Tax Policy and the Economy, Volume 33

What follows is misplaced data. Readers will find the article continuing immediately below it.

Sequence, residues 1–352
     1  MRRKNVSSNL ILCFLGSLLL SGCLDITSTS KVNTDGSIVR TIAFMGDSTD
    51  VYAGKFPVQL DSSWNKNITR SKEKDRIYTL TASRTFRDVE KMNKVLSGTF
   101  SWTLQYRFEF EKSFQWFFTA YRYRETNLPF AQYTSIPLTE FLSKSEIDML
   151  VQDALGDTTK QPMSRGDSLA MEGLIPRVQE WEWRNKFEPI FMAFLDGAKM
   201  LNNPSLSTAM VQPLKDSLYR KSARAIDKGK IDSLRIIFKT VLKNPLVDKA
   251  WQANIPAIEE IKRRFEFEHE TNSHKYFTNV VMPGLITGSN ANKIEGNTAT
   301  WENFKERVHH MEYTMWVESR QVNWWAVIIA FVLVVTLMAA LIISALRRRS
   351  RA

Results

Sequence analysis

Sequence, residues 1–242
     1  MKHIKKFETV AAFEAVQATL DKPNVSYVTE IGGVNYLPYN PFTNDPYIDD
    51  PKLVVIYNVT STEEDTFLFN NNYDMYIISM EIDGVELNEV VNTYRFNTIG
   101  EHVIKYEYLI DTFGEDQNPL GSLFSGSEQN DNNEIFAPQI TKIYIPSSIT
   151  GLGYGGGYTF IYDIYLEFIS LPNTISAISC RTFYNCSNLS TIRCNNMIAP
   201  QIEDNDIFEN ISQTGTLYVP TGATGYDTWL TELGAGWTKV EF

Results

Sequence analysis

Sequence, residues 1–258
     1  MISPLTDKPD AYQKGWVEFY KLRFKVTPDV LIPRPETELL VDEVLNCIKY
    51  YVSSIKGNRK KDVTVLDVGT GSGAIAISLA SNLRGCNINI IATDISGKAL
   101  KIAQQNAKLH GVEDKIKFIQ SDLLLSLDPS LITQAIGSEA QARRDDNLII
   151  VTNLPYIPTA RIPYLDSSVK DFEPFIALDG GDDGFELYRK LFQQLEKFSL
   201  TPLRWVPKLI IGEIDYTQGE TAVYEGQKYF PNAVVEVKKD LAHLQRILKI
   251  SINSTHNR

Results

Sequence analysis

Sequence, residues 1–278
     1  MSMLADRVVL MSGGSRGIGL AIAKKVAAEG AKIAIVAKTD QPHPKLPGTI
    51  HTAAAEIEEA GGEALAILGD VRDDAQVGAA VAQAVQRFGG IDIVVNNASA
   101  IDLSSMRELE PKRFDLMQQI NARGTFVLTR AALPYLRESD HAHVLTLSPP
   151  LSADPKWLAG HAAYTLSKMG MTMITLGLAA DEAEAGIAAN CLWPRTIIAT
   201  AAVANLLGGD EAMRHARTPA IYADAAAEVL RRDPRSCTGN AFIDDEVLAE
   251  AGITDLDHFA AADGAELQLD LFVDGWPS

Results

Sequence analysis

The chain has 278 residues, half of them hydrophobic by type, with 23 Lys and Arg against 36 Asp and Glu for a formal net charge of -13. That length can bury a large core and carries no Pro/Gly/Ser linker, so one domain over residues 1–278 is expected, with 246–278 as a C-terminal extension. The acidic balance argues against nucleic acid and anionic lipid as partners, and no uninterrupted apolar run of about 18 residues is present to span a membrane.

This volume presents five new studies on taxation and government transfer programs. Scott Baker, Lorenz Kueng, Leslie McGranahan, and Brian Melzer explore whether “unconventional” fiscal policy in the form of pre-announced consumption tax changes can shift durables purchases intertemporally, and how such shifts are affected by consumer credit. Michelle Hanlon, Jeffrey Hoopes, and Joel Slemrod examine the effects of the Tax Cuts and Jobs Act on corporation behavior and on firms’ statements about their behavior. They focus on four outcomes: bonuses, investment, share repurchases, and dividends. Alan Auerbach discusses “tax equivalences”—disparate sets of policies that have the same economic effects—and also illustrates when these equivalences break down. Jeffrey Liebman and Daniel Ramsey use data from NBER’s TAXSIM model to investigate the equity implications of a switch from joint to independent taxation that could occur in conjunction with adoption of return-free tax filing. Alexander Blocker, Laurence Kotlikoff, Stephen Ross, and Sergio Villar Vallenas show how asset pricing can be used to value implicit fiscal debts, which are currently rarely measured or adjusted for risk, while accounting for risk properties. They apply their methodology to study Social Security.